Does your neighbor have too many pink flamingos in their yard for your liking? While questionable lawn décor may be an eyesore, it’s not a legal problem. When do your neighbors’ quirks become a legal problem that can be addressed? Think of conditions such as perpetual loud noises, bad smells, bright lights, pollution or piled up garbage. These are substantial, unreasonable interferences with the use and enjoyment of another person's property; this is called a private nuisance.
Legally speaking, there are two types of nuisances: private nuisances and public nuisances. Public nuisances are property uses that threaten public health, safety and welfare. Common examples involve polluting land or water (leaking barrels of oil), harboring dangerous animals (tigers in a backyard), storing dangerous materials (nuclear waste), among others. This type of land use threatens the general public interest and can be actionable by civil suits or even criminal prosecution.
In the law, an actionable nuisance is whatever is indecent or offensive to the senses, injurious to health, or an obstruction to the free use of property, which essentially interferes with the comfortable enjoyment of life and property. If these conditions occur, this may be an actionable claim. Four components must be present for a private nuisance to constitute an actionable claim:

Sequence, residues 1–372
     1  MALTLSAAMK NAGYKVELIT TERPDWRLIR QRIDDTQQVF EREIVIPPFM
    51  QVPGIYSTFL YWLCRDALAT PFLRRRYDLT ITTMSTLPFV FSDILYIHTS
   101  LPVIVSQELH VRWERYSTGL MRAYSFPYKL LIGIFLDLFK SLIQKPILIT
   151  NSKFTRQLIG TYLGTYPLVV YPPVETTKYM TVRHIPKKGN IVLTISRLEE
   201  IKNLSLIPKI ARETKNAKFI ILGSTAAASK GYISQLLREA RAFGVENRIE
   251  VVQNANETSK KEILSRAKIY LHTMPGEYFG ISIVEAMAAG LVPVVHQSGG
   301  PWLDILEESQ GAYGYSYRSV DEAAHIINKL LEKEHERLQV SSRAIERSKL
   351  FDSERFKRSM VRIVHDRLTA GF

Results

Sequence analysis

You have property rights in the land you are trying to protect,
Your neighbor’s property use results in a significant harm to your property use,
Your neighbor’s use or conduct is the legal cause of the harm you are suffering, and
Your neighbor’s use is either (i) intentional and unreasonable, or (ii) unintentional and otherwise actionable under the rules governing liability for negligent, recklessness, or ultra-hazardous conduct.
Now that you know the components of an actionable private nuisance claim, what are your remedies? Any person whose property is injuriously affected or whose personal enjoyment is lessened by a nuisance may sue for damages and for an injunction to abate the nuisance (i.e. stop your neighbor from doing what they were doing). Don’t wait to see if it goes away. While you might think being a good neighbor won’t make things worse, it can! The law gives you a limited time to bring forth an actionable nuisance claim; otherwise, you may be stuck with the behavior or intrusion to your privacy.
To wrap up, nuisance law is complicated. There are some things that may always be considered a nuisance, some that are a nuisance simply because a statute says so, and some others that are a nuisance just as a matter of the specific circumstances involved. As a landowner, it’s important to be aware of nuisance law, for you might be responsible for a nuisance even if you did not actually create the conditions amounting to the nuisance. Congrats on taking the first step towards protecting your property rights by learning about nuisances!
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